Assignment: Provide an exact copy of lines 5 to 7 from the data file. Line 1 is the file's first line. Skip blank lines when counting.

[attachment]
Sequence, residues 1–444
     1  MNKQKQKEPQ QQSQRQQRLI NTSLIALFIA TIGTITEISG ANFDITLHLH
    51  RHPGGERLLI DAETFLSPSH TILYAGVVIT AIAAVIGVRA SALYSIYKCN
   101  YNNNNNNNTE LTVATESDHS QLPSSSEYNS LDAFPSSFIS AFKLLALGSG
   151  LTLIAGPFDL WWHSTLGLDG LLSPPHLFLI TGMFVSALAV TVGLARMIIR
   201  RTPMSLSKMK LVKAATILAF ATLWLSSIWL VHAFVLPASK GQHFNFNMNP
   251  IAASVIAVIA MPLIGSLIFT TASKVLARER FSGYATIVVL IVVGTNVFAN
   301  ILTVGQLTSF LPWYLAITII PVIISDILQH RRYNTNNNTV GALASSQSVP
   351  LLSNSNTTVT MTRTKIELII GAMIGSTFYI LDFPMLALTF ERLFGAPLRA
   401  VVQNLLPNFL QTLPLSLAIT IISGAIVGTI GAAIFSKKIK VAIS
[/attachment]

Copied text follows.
   151  LTLIAGPFDL WWHSTLGLDG LLSPPHLFLI TGMFVSALAV TVGLARMIIR
   201  RTPMSLSKMK LVKAATILAF ATLWLSSIWL VHAFVLPASK GQHFNFNMNP
   251  IAASVIAVIA MPLIGSLIFT TASKVLARER FSGYATIVVL IVVGTNVFAN